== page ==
FRANKFURT (Reuters) - Opel Chief Executive Karl-Thomas Neumann plans to remain in his job even after the carmaker has been sold to France’s Peugeot, the German executive told German magazine Auto Motor und Sport.
Earlier this month, France’s PSA Group (PEUP.PA) agreed to buy Opel from General Motors (GM.N) in a deal valuing the business at 2.2 billion euros ($2.3 billion), raising questions about Neumann’s future.
“It is important for me to stand before employees and show leadership. I have done this in the past and will continue to do so,” Neumann told the magazine, adding he would work with PSA’s Chief Executive Carlos Tavares.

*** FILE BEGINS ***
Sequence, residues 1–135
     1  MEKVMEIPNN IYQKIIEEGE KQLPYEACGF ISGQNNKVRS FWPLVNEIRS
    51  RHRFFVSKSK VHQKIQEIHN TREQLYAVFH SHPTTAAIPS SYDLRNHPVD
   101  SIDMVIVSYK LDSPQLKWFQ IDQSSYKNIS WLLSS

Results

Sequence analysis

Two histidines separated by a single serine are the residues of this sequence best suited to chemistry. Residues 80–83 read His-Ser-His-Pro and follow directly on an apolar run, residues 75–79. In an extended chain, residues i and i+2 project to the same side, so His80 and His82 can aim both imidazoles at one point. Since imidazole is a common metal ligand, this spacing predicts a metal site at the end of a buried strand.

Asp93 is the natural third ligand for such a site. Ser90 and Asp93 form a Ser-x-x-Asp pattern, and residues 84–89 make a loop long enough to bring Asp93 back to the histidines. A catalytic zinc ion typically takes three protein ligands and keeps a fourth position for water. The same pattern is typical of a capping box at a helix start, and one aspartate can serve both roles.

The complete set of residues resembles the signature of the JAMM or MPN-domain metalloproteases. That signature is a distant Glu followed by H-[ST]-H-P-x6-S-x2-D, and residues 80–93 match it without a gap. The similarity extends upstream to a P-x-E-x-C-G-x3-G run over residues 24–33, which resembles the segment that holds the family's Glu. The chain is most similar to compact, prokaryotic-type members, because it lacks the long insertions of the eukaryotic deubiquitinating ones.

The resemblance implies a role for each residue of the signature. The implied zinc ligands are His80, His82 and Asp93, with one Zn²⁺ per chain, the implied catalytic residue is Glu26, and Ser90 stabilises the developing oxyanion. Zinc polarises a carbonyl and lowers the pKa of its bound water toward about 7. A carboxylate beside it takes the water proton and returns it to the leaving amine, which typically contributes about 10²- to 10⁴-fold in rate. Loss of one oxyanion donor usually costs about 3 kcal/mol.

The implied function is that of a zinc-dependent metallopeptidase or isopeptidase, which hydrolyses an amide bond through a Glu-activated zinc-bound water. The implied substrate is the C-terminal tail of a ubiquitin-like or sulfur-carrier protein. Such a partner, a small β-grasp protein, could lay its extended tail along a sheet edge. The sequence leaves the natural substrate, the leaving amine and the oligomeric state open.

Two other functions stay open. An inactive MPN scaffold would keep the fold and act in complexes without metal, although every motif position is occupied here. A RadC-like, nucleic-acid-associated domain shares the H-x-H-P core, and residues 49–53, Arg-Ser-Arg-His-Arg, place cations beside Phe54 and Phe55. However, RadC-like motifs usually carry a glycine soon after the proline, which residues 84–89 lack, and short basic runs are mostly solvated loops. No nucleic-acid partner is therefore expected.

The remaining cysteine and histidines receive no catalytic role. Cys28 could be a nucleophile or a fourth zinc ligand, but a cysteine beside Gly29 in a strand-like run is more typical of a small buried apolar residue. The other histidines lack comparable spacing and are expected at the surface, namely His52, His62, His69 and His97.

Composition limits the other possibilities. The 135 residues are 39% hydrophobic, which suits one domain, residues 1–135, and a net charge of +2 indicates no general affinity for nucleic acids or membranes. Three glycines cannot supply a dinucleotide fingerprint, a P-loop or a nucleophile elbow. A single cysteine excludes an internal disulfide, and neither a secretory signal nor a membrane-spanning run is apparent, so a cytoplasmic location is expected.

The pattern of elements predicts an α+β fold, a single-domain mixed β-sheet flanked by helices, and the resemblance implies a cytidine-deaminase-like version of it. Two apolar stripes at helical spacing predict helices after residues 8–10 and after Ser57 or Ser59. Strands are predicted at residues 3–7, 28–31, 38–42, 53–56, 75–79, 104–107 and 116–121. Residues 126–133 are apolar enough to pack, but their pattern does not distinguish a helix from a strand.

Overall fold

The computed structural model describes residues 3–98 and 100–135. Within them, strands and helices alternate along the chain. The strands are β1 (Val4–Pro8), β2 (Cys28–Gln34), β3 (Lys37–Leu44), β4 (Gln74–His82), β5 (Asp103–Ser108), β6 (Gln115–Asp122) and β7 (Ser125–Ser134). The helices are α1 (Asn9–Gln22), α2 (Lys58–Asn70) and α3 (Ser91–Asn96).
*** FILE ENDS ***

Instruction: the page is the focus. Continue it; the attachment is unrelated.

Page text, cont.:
“I think we have great respect for each other. That is why I see a good foundation for continued cooperation,” the magazine quoted Neumann as saying.
PSA has pledged to run Opel as a separate company with separate management, while exploring opportunities for expanding sales of Opel cars beyond Europe.
Neumann told Auto Motor und Sport he was skeptical about introducing the Opel brand in China.
“The Chinese market is no longer the cure-all to help solve the problems on all the other markets,” he said, adding his first priority would be to make Opel profitable in Europe by deepening cooperation with Peugeot rather than using resources to build up Opel in Asia.
Reporting by Edward Taylor; Editing by Mark Potter